I. queue 1 S3 /kjuː/ BrE AmE noun [countable]
[ Date: 1500-1600 ; Language: French ; Origin: 'tail' , from Latin cauda , coda ]
1 . British English a line of people waiting to enter a building, buy something etc, or a line of vehicles waiting to move SYN line American English
be/stand/wait in a queue
We stood in a queue for half an hour.
You’ll have to join the queue.
a queue of people waiting for the bus
the queue for the toilets
queue to do something
There was a long queue to get into the cinema.
the front/head/back/end of a queue
At last we got to the front of the queue.
2 . British English all the people who are waiting to have or get something:
You’ll have to join the housing queue.
the queue for kidney transplant operations
It is possible to jump the queue (=get something before people who have been waiting longer) if you are prepared to pay for your treatment.
3 . technical a list of jobs that a computer has to do in a particular order:
the print queue
4 . a number of telephone calls to a particular number that are waiting to be answered
⇨ the dole queue at ↑ dole 1 (2)
• • •
▪ stand/wait in a queue
She stood in the queue at the checkout.
▪ be in a queue
I've been in this queue for fifteen minutes.
▪ form a queue
Other passengers for the train were forming a queue.
▪ join a queue
He went back inside to join the queue for the toilets.
▪ take your place in a queue (=join it)
I walked to the bus stop and took my place in the queue.
▪ jump the queue (=go to the front rather than joining the end of a queue)
An argument developed when she tried to jump the queue.
▪ a queue forms
A queue had formed outside the shop.
▪ a queue stretches somewhere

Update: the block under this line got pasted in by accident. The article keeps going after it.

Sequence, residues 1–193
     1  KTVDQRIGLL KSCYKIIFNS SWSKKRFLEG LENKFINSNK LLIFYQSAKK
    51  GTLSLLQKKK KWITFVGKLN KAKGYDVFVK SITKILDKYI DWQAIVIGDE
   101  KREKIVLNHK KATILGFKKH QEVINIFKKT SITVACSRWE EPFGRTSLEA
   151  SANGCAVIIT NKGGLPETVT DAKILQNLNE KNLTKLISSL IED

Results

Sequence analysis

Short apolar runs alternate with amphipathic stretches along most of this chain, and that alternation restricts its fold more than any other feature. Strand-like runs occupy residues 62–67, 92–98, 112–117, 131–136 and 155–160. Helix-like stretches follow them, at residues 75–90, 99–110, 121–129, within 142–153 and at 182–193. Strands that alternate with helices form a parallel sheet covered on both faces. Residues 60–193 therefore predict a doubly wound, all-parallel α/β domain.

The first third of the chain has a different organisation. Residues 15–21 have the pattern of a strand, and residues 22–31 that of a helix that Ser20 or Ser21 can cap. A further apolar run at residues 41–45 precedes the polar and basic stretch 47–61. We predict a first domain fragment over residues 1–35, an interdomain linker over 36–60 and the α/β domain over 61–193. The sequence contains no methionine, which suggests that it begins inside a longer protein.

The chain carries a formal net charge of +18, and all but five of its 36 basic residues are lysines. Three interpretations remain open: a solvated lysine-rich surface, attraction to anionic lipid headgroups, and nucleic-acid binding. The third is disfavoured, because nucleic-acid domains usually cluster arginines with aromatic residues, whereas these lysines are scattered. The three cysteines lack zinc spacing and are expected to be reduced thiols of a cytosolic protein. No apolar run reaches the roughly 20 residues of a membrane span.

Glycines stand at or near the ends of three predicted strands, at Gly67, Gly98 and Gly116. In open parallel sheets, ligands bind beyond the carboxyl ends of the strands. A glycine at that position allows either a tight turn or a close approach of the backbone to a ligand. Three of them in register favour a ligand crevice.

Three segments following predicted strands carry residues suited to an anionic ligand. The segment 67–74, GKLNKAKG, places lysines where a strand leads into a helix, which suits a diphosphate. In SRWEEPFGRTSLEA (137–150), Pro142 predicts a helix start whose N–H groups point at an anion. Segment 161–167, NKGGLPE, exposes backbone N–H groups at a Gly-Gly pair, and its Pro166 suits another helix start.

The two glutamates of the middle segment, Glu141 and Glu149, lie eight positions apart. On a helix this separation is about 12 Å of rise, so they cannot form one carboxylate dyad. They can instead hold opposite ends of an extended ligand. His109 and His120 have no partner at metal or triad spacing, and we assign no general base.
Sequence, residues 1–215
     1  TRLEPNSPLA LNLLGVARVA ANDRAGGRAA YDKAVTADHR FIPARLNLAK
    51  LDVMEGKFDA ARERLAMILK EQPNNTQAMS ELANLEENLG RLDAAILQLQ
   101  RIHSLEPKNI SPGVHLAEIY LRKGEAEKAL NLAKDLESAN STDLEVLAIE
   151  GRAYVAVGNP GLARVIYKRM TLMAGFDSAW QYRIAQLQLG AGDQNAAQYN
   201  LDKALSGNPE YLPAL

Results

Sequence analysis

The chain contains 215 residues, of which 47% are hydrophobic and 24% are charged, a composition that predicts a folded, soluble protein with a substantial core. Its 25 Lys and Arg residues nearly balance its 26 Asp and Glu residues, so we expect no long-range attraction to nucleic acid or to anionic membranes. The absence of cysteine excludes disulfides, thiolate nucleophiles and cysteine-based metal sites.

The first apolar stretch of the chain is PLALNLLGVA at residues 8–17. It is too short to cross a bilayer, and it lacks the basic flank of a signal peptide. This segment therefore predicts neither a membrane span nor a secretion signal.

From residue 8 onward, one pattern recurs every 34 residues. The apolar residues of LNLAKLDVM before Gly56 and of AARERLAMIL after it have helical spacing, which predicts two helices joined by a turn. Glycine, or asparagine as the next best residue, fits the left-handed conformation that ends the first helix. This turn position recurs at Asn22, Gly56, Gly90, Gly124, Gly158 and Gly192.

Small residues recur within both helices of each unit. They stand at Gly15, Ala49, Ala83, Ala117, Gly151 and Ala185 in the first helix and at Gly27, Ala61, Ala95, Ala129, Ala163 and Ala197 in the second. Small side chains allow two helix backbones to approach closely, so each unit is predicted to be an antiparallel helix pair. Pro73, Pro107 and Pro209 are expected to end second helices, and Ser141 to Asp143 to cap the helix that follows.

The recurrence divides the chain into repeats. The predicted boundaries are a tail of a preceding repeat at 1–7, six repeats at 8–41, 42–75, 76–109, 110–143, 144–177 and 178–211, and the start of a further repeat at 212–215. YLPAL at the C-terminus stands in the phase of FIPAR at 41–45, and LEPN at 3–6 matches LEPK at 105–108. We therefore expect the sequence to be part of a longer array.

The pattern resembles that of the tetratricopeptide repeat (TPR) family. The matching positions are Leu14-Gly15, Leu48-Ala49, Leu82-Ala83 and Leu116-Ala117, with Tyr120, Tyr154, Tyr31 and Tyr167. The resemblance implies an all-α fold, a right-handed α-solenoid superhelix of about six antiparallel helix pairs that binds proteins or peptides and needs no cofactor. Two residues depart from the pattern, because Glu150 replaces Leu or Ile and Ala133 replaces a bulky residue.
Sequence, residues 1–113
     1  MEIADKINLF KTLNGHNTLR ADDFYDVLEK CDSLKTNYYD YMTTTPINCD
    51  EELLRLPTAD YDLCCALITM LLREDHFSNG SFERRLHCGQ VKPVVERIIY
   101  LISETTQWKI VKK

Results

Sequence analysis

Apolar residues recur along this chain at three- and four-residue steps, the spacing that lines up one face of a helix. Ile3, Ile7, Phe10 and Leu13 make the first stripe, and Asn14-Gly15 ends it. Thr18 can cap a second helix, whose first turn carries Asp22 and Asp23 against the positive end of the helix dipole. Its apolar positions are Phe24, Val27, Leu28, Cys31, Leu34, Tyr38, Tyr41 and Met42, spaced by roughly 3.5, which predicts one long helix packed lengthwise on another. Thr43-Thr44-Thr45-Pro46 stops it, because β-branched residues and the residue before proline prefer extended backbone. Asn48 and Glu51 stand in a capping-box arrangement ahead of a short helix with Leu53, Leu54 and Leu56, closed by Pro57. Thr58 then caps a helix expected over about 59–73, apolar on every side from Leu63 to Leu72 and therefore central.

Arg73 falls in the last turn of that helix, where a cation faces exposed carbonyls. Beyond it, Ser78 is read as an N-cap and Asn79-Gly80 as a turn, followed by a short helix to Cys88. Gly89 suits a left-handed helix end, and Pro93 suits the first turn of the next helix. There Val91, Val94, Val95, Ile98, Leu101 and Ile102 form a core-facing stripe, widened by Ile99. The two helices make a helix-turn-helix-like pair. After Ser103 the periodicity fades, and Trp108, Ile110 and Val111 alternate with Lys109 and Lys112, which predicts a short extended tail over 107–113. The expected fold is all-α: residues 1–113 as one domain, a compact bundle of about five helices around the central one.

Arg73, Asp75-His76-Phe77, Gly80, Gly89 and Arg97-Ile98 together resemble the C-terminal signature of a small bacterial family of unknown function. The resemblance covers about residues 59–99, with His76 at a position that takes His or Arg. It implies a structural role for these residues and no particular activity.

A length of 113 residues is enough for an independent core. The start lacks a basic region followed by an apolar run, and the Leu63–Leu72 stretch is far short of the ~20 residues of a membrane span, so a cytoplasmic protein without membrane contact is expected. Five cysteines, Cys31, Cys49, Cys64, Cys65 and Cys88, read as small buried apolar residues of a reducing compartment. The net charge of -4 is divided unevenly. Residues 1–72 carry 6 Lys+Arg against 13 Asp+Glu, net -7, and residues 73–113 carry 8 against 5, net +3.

The queue stretched the full length of the building.
Already a long queue had formed outside the concert hall
There was a big queue.
There was a small queue of people waiting to see the doctor.
▪ an orderly queue (=with no bad behaviour or pushing in front of other people)
She told the children to form an orderly queue.
▪ the front/head of the queue
He pushed his way to the front of the queue.
▪ the back/end of the queue
Get to the back of the queue!
▪ be first in a queue
I wanted to be first in the queue when the doors opened.
II. queue 2 BrE AmE verb ( also queue up ) [intransitive] British English
1 . to form or join a line of people or vehicles waiting to do something or go somewhere SYN line up American English
Some of the people queuing for tickets had been there since dawn.
queue (up) to do something
We had to queue up for ages to get served.
2 . if people are queuing up to do something, they all want to do it very much
queue up to do something
The school is one of the best, and parents are queuing up to send their children there.
queue up for something
Actresses are queuing up for the part.